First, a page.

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December 2018

Hi <<First Name>>!

It's December. How did this happen? Was 2018 even a thing!? I'll probably be sending a moody "Year In Review" email later this month, but wanted to share some quick updates while I have you:

 

1. I'm officially 6 weeks into running my own business. It always amazes me how change is initially all-consuming, but somehow becomes the norm in the blink of an eye. And you're never quite sure when that tipping point exactly occurred but suddenly find yourself—dare I say...comfortable—and can hardly remember what all the fuss was about. Selective memory is the best! Anyway...that's my long winded-way of saying: I'm stressing less, creating more, and genuinely loving the new life I'm curating for myself. 

2. I'm still adjusting back to east coast time after my week long #SoCalTour for the holiday weekend. Maybe I'm in recovery from the Thanksgiving-Pecan-Fire-Of-2018 (reader's digest: imagine terrifyingly large oven flames, 45 charred pecans, and 3 uncles with a garden hose) but I've been having a more difficult time than usual getting back into my normal schedule. Plus, it doesn't help that because I don't have to be at an office at 9:30am every morning, I can indulge in the "just 3 more hours" snooze button. Currently functioning between 11am - 2am and need someone to snap me out of it.

3. The latest "Meet A New Girl" interview is finally live! I must confess—and I'm only sharing because you are on my *v. exclusive* email list—this latest interview with my lovely friend Gina was 8 months in the making. We shot the photos for the article in March when I was on a back-to-back interview roll. But then, life happened: I suddenly found myself working three jobs while trying to leave one job. Spring melted into summer which blended into fall and by the time October hit I found myself creatively paralyzed. I couldn't write, or even think about creating an article. I was basically in *make money and keep interpersonal relationships somewhat-in-tact* mode (said in robot voice). And because New York seasons are a thing, our late-winter photoshoot in March very quickly became seasonally irrelevant. So I made the Executive Creative Decision (my LinkedIn says I'm the Editor-In-Chief, so I'm allowed to make those) that it would make more sense to launch this interview in fall/winter when Gina's chic winter outfits would make sense again. I could write for days about this interview and how excited I am to finally share it, but I'll save my words and let the article do the talking.

Gina is an incredibly talented artist and I know you'll love her story of moving to NYC and her creative pursuits in the city over the last decade. I've shared an excerpt from her feature below, but you can see her full interview here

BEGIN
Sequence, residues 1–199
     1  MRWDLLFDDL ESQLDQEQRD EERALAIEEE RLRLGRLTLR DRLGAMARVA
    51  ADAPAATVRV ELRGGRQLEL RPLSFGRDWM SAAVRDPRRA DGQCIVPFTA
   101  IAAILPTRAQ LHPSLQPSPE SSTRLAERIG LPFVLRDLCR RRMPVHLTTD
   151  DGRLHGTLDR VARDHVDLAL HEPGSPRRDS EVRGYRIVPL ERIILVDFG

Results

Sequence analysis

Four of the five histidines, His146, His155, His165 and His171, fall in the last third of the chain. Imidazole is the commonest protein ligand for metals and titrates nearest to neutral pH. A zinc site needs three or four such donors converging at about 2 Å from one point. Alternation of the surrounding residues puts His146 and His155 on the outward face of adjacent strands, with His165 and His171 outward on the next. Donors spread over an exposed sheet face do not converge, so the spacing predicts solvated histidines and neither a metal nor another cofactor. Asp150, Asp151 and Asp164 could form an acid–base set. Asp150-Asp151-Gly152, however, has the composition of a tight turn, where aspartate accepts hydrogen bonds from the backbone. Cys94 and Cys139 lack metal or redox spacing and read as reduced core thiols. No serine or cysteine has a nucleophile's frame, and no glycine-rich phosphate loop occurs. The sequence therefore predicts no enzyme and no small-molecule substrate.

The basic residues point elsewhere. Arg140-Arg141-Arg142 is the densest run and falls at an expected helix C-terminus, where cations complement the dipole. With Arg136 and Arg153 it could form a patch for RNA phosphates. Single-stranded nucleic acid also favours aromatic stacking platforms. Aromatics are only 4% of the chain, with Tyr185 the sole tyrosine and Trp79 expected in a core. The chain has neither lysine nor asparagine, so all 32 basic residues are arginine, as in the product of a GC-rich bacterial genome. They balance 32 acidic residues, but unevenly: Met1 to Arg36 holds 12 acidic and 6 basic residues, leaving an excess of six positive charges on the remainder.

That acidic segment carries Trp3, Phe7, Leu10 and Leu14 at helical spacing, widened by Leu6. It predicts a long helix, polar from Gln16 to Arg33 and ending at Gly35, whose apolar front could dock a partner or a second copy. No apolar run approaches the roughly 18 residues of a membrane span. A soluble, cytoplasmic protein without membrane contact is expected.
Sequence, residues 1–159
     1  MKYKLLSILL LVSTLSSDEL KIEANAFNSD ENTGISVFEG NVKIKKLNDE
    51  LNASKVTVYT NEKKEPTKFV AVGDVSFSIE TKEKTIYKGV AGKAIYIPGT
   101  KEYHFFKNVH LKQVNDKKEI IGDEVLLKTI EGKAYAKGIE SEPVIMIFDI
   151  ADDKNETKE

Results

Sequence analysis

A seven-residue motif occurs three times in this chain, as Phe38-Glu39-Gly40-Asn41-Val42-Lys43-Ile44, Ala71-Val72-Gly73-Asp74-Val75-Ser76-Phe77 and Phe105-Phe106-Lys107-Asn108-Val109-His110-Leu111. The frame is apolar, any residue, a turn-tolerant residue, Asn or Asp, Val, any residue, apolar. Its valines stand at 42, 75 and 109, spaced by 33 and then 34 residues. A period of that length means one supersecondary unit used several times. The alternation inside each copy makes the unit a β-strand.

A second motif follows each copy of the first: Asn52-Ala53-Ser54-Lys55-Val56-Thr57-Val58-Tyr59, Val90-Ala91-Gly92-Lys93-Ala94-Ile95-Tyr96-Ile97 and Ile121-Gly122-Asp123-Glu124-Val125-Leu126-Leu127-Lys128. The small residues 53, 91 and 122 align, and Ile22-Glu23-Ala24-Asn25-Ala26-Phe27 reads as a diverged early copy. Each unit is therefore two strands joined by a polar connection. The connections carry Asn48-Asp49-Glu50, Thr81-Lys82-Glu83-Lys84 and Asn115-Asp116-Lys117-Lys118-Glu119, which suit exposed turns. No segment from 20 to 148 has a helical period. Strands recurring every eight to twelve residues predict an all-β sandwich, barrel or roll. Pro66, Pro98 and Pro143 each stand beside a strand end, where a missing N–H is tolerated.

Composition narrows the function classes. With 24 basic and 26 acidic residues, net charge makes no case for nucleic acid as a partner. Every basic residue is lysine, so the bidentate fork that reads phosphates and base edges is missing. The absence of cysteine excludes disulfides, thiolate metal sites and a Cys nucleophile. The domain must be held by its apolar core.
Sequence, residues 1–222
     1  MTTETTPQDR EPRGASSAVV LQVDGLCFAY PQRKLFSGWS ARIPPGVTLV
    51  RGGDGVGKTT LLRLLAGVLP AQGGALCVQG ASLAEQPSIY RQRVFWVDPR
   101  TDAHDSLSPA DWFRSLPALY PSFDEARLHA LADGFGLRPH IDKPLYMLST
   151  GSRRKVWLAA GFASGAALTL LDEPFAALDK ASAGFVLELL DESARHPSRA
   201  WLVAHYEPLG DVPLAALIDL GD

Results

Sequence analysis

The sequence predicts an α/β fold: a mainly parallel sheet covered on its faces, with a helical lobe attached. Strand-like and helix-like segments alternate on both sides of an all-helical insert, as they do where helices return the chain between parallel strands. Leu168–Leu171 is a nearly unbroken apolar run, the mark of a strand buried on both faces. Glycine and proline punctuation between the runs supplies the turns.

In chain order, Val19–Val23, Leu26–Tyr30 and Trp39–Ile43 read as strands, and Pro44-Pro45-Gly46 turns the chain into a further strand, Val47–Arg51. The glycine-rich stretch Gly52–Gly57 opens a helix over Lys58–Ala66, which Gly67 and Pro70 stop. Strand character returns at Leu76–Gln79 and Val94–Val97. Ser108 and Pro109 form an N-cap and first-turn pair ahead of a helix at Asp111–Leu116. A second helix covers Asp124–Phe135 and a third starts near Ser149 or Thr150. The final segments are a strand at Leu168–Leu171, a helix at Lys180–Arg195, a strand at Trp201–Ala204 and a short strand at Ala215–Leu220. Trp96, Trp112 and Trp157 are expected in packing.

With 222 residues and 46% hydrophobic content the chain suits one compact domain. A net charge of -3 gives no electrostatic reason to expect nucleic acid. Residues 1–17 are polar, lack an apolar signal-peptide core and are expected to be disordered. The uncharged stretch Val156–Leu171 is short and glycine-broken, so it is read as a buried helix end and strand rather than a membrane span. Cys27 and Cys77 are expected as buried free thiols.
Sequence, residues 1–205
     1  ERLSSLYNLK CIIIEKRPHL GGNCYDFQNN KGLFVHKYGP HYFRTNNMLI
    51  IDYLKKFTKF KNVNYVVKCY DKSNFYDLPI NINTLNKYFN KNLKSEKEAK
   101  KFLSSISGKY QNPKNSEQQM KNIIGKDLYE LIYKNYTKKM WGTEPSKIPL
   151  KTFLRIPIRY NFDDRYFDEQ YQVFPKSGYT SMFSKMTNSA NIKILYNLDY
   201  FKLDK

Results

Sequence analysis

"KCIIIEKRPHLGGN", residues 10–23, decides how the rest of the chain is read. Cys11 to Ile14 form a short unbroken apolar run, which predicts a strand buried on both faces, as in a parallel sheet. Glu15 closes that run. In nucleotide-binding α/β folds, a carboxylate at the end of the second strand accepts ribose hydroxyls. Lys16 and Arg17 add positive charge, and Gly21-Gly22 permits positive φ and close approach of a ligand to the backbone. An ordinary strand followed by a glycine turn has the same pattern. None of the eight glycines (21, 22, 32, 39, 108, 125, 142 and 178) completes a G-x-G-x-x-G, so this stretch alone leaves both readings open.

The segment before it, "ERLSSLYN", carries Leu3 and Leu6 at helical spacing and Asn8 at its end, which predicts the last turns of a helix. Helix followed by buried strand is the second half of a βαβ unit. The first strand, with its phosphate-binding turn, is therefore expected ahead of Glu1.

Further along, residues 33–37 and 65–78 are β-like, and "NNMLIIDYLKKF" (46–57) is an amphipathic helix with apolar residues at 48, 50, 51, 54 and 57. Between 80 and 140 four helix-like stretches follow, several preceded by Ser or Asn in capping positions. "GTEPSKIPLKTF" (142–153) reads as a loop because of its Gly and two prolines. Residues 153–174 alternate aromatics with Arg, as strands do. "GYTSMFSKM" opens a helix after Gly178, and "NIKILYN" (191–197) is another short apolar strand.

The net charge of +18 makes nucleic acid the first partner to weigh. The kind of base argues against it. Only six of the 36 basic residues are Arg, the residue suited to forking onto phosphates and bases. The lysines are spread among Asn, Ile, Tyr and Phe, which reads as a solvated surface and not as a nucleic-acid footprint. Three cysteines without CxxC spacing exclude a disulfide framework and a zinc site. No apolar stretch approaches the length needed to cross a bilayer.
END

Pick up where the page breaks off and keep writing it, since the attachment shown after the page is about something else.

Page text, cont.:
Until next time 💕

-M


Meet A New Girl: Gina Schiappacasse

 


What were your early days in New York City like?

 

I have an aunt and uncle who moved to NYC from the Midwest several decades before me, to pursue careers in choreography and acting, and so I grew up regularly visiting them in the city with my family as a kid. Somehow, becoming a New Yorker always felt more attainable because they had blazed the trail before me, and because of them, our visits always made the city feel enchanting. My college fashion design program in Madison allowed us to transfer into FIT (the Fashion Institute of Technology) for our senior year, and, after winning a scholarship and being set up with an internship in the city, I moved into FIT’s summer housing three months before school to begin my internship at a company called Foley + Corinna.

My dad flew out with me (a perfect excuse to see me off and spend some time with his brother) and after a few nights relaxing at my aunt and uncle’s place in Westchester, I was dropped off with two suitcases and a sewing machine at my dorm on the far west side of Manhattan just below Penn Station. My dad and uncle, both tall Midwestern men, each gave me a big hug, and I remember bursting into tears and crying on one of their chests. Eventually I went in to find that my double room was unoccupied, later learning that my roommate was a Westchester native whose parents had casually paid for the room as a crash pad for when she didn’t feel like coming home after her summer internship. Unsurprisingly, she was almost never there, which left me pretty much alone in a quiet, cinder-block dormitory room for the first three months of my existence in New York.

I knew exactly two people when I moved to the city, and would gratefully accept any invitation from anyone to go out, hoping to be so lucky as to forge a few friendships. My first few years in the city were lonely, but beyond magical; everything was so fresh and new and enchanting because I’d never really experienced anything like it.
 
See The Full Interview
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